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Target: Terrorism: Secretary of State Colin Powell Outside the State Department with Emir of Qatar

Aired October 3, 2001 - 11:39   ET


JOHN KING, CNN SR. WHITE HOUSE CORRESPONDENT: Secretary of State Colin Powell outside of the State Department.

COLIN POWELL, SECRETARY OF STATE: ... they have provided to the United States during this time of difficulty since the 11th of September.

I especially thanked His Highness for the immediate response that he provided when we asked for assistance for the movement of American forces. Qatar is a good friend of America, and they have always been there when we needed assistance and this time was no exception.

I also took this opportunity to thank His Highness for the generosity he showed in New York earlier this week by providing donations to the burn unit at Cornell University as well as other donations for the families of rescue workers and others who lost their lives in the tragedy. The Emir certainly understands that this was a tragedy not just against the United States but against civilization, and we are united in the struggle against terrorism.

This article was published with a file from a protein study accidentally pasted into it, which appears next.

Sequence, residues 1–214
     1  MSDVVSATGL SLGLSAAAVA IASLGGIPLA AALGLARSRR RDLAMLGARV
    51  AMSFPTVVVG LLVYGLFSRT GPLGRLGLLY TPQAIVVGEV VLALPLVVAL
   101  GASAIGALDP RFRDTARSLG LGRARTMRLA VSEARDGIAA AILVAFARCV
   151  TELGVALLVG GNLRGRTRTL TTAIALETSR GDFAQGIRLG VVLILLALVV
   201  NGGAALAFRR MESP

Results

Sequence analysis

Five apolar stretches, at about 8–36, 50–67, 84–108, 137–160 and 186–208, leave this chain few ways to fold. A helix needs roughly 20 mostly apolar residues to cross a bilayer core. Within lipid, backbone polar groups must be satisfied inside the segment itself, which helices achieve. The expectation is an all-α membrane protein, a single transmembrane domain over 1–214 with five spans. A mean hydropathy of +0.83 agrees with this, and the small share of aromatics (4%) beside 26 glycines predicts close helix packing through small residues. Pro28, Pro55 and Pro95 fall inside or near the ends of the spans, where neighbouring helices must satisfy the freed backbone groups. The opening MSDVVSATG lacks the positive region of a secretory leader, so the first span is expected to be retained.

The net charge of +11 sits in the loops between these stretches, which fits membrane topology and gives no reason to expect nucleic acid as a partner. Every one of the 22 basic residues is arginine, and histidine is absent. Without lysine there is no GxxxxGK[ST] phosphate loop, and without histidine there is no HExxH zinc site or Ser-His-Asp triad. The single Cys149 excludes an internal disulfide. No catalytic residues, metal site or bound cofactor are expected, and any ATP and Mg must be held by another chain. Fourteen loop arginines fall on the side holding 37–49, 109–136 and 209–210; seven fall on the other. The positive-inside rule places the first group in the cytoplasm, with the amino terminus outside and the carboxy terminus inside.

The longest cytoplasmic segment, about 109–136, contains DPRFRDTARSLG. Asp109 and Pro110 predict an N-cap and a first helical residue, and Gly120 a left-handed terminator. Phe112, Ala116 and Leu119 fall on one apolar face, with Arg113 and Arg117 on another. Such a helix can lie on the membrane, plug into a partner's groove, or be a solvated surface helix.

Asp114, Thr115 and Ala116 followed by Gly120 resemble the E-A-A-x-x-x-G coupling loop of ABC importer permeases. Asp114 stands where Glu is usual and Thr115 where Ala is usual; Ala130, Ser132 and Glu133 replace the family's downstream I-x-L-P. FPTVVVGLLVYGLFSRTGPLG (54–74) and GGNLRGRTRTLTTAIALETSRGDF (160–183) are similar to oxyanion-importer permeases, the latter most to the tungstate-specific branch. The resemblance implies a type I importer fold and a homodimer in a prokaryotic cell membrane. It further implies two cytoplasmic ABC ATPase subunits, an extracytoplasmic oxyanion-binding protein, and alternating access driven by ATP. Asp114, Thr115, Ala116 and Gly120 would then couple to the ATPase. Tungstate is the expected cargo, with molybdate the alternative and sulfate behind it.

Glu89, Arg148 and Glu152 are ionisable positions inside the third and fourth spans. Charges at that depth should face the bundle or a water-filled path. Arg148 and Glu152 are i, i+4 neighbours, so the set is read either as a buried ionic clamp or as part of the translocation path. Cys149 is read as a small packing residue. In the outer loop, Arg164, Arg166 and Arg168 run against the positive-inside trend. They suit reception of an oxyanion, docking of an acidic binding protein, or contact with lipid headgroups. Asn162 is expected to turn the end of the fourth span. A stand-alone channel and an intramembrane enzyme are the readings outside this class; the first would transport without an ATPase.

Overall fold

And so, Your Highness, it's a great pleasure to welcome you here in the State Department and to the United States again, and to thank you for the support that you have been providing to us.

Your Highness?

SHEIKH HAMAD BIN KHALIFA AL THANI, EMIR OF QATAR. (THROUGH TRANSLATOR): I am pleased to be here in Washington, D.C., and to see the secretary. I came here to convey the condolences on behalf of the Qatar government and the Qatar people to the American people and the American government. There is no doubt that the unique relationship between Qatar and the United States dictates that we have to stand by the United States, especially in the efforts to combat terror.

There is also no doubt that we have a unique military relationship with the United States, that relationship is normal and joint exercises are going as scheduled.

THANI (THROUGH TRANSLATOR): And if there is any question, I'll be happy to answer.

QUESTION: Mr. Secretary, however hard you all try, the reports keep persisting that the Saudis are not doing or promising to do all the things the U.S. would like them to. I know it's a redundant question, but do you care to address it this morning?